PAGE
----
Improve your office culture and your bottom line with these great resources.
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Your company culture is the heart and soul of your organization, and it can mean the difference between dazzling success and dramatic failure.
Over the past three years, I have personally read one book a week. This is a big time commitment but well worth it. Since committing to reading a book a week, I have gotten to know a lot of the authors on a personal level. I’ve compiled a list of some of the top reads over the past six months that have helped me grow my calendar app. I’ve used their advice and it’s worked.
If you’re in need of some new ideas for engaging your team, improving communication and achieving better results overall, the books on this list will inspire and motivate you to make changes in your leadership style and organizational structure.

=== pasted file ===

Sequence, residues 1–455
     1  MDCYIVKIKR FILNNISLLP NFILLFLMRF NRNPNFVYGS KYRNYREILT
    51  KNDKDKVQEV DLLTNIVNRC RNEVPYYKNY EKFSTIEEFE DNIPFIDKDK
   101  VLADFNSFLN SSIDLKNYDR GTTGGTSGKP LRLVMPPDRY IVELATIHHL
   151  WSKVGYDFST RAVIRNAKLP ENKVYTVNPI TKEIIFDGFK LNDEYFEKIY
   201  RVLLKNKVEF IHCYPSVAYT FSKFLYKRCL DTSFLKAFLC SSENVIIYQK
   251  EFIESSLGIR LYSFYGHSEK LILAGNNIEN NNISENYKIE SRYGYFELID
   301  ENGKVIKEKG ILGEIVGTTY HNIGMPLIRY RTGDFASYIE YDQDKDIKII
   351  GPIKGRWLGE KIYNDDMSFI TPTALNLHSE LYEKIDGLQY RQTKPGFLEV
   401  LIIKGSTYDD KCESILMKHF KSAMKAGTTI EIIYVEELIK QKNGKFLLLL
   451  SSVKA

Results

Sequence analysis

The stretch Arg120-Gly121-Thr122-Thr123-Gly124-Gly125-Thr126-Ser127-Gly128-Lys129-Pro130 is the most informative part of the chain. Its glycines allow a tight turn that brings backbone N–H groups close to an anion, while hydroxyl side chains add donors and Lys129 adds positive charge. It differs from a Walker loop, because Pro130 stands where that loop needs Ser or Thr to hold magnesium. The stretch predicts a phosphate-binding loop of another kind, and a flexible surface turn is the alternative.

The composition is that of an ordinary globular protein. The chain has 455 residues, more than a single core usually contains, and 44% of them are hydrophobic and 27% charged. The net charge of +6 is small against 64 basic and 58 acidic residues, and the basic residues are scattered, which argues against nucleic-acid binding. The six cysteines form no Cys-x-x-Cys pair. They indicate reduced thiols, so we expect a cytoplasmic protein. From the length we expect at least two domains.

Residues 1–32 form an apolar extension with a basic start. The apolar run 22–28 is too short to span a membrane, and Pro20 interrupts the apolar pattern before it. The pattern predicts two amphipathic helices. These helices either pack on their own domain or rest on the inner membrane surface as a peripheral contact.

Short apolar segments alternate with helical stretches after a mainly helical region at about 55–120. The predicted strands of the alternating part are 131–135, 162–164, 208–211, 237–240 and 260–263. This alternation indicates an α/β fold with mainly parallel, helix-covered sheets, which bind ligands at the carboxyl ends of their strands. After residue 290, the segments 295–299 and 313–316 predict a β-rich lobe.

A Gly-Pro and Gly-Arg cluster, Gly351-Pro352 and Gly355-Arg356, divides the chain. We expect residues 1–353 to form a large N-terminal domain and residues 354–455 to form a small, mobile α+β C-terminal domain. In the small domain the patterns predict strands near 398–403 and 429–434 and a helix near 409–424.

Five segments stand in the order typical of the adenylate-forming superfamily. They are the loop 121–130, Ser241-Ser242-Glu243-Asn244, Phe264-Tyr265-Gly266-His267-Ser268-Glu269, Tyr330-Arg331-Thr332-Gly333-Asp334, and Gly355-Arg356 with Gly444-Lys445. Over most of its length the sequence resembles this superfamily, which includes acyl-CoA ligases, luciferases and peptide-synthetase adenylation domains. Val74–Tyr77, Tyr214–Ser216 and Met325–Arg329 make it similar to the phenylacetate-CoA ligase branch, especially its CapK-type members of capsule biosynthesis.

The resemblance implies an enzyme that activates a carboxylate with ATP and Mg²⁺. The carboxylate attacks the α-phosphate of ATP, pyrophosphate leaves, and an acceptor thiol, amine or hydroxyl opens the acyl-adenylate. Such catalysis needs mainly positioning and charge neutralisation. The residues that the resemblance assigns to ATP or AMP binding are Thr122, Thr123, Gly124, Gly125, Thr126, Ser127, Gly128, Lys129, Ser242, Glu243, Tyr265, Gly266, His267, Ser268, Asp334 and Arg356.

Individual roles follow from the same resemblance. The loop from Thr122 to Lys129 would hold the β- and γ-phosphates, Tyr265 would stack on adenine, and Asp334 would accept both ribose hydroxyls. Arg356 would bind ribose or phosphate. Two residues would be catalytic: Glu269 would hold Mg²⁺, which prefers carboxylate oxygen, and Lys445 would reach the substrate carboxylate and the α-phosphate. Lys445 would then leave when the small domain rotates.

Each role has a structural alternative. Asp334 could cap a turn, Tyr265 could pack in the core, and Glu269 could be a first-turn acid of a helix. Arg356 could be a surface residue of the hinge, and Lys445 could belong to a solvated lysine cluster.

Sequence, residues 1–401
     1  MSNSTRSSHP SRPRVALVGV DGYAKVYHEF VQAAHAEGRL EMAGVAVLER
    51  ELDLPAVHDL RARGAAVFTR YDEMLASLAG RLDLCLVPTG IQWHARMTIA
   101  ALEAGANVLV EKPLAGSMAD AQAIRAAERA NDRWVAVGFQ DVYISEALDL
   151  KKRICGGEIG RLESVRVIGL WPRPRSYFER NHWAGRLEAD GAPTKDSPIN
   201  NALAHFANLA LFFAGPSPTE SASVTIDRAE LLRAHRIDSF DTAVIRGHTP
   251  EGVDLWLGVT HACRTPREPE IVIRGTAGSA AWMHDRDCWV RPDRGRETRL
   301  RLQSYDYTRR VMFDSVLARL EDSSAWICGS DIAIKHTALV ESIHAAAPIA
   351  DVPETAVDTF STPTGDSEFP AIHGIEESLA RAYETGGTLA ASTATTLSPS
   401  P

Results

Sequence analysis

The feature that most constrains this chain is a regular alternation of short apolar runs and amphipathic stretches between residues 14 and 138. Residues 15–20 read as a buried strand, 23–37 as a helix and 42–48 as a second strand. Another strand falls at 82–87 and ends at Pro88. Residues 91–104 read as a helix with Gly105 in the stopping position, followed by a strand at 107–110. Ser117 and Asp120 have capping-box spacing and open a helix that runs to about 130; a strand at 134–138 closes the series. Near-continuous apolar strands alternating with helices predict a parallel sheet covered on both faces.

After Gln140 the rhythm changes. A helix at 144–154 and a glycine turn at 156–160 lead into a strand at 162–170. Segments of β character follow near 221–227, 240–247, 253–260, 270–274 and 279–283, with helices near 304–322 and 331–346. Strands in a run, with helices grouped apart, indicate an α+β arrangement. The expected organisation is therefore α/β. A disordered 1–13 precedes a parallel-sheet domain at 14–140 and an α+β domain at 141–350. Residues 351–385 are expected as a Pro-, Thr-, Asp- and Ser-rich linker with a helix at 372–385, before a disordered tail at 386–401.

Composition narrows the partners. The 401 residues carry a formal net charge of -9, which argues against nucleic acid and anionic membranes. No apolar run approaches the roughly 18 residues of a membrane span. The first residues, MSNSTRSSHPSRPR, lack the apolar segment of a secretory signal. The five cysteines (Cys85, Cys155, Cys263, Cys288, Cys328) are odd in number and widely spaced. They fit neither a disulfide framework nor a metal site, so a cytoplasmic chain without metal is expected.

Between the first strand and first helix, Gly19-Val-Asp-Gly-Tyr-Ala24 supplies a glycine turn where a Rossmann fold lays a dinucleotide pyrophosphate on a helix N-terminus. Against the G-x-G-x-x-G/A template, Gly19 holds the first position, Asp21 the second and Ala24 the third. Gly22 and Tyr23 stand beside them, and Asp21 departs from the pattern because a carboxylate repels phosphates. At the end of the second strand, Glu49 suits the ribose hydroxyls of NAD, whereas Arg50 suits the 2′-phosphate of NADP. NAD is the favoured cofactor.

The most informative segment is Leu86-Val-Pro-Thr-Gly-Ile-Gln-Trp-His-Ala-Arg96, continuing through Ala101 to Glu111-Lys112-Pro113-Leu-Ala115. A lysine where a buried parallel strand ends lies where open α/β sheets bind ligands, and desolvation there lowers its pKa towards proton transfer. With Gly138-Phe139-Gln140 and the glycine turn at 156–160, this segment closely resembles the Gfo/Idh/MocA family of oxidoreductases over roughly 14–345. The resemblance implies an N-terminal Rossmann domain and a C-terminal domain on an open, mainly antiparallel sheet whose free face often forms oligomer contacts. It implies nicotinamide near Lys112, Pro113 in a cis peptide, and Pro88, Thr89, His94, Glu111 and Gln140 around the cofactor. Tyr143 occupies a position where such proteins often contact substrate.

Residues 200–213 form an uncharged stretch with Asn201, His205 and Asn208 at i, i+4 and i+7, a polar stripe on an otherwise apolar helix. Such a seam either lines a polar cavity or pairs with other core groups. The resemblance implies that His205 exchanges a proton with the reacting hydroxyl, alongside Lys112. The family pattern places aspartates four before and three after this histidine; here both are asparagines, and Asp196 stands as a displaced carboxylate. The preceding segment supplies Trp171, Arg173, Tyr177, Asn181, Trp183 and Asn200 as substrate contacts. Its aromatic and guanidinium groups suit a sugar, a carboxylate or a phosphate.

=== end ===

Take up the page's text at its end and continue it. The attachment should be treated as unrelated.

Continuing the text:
1. Elevate by Robert Glazer
In this national bestseller, author Robert Glazer provides an inspiring read about how you can bring out the best in yourself as well as those around you. Building on the power of a positive focus and his thought leadership as a visionary in the business world, he includes real-life lessons from numerous individuals.
The primary aim of the book is not to just help elevate readers to achieve individual sense. Instead, Glazer goes much deeper than that.
He examines how spirituality, emotional intelligence and intellectual ability provide pathways toward becoming a better person and igniting the best in those around you. As a result, he delivers the recipe for happiness, joy and satisfaction in work and life.
2. Mean People Suck: How Empathy Leads to Bigger Profits and a Better Life by Michael Brenner
In Mean People Suck, author Michael Brenner challenges the idea that leaders must be “mean” in order to be authoritative and an effective manager. Instead, he introduces the idea of using empathy to connect and communicate better with your employees.